Arriving at night at a Western airport is quite a standardized affair. There’s the man in orange vest assigning taxis to the scarce queuing travelers. There’s the taxi duly speeding to a notorious business hotel. Though standardization does have its limits: the taxi-man guessed my language wrong (and somehow a hearty ”Gruss Gott” does not make one feel particularly welcome in non-German speaking country).
And then there’s the landscape one gets to admire through the taxi-window : desolate highways and uniform glass buildings with on top the neon-signs of all the global brands of the world (ah how reassuring, they have Nokia here too, and Samsung!, and Philips!).
One is dropped off in front of a hotel, makes one’s way to the reception. Where one is greeted by smiling hotel staff – their professional friendliness in my case mixed with a hint of cautiousness and surprise. Well it’s true, I don’t particularly dress the business part. And whenever I do try to act like a self-important business-person, something horribly exposes me as a fraud: either the lack of credit card as such (which happened on my first business trip) or the sheer lack of decorum (once when I smugly drew my credit-card in a restaurant, my companion giggled “oh, is that your bus-pass?” upon seeing the neat blue plastic card holder).
In the hotel-room a flickering screen announces “Welcome Mrs XXX” . One takes a shower and then, finally, the day’s duties fulfilled, one can let slacken discipline. Lying stretched out on the bed, escaping from worldly worries and oneself in a hesitating, groping, and ultimately redeeming Bruckner-symphony (blessed be portable CD-players, yes, mine is a Philips :))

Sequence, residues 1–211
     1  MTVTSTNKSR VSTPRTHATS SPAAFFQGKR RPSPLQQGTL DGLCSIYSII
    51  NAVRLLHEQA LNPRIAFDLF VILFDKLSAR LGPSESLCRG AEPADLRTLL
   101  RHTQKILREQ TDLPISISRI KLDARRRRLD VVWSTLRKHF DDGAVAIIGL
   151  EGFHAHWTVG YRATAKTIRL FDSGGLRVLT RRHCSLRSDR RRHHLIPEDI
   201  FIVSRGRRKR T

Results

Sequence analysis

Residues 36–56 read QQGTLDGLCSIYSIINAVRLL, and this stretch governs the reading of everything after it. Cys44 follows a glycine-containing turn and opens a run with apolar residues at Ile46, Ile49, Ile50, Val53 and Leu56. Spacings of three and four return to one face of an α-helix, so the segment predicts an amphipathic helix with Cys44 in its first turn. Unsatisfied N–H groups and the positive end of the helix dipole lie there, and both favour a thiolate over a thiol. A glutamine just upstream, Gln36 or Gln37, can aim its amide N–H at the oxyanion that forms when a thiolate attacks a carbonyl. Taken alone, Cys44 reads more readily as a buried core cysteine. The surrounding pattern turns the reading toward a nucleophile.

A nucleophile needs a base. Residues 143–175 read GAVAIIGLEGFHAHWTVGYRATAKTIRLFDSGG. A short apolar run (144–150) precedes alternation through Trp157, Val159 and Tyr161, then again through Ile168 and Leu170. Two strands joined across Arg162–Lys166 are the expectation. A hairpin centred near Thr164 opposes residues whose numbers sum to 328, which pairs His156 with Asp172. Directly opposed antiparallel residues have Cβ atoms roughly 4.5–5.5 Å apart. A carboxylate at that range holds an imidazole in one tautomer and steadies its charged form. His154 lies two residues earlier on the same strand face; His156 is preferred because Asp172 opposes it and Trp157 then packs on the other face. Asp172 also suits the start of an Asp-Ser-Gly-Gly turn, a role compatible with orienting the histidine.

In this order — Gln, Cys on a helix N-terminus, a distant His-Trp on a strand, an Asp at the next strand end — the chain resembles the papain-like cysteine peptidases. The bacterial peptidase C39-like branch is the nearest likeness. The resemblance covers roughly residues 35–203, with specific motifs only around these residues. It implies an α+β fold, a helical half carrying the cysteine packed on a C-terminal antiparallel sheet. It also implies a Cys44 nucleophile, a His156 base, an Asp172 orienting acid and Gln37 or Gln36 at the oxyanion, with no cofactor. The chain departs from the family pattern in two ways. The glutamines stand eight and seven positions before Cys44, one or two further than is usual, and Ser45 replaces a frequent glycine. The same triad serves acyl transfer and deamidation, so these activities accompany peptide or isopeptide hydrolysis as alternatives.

In the morning one pulls the curtains and is surprised to look out over a harbor – rippling water, a luminous grey sky tinged with an orange glow. And oh yes, what a nicely renovated room, with those wooden beams, and hey is that a true ship’s chest.
Clearly, here’s a hotel that does play its part, as stated on their website
“ With its exposed beams and thick walls, Admiral Hotel’s listed warehouse building from 1787 creates a unique setting for exquisite cuisine, a lounge designed in international style and rooms with a true atmosphere of timeless quality.”
Breakfast in the restaurant at first does not feel very timeless, what with all those keen early-rising businessmen taking in calories and caffeine to fight their business-battles. But hey, isn’t that a little canon there in the corner? A replica or real one? How cute. Would I be allowed to pat it on its back? This little canon surely is there to remind us of the “barrage of British naval attacks” the hotel’s brochure mentioned when describing the site’s momentous history.
Over breakfast I browse though the TS Eliot book I smuggled in. And chance upon an essay on Tradition in the arts. How moving, poetry’s outstanding modernist pleading for “the historical sense”, involving “a perception, not only of the pastness of the past, but of its presence”. So yes, now I begin to understand how the postmodernist attitude differs utterly from the early 20th century modernist sensibility. Modernists like Eliot and Proust were radical innovators, but intimately familiar with the traditions whose passing they mourn .
Whereas postmodernism merely plays with the fragments of the past – frivolously quoting without empathy, and certainly without mourning.
Postmodernism is a renovated hotel “decorated in international style” , with a few rustic beams here, a canon in a corner there.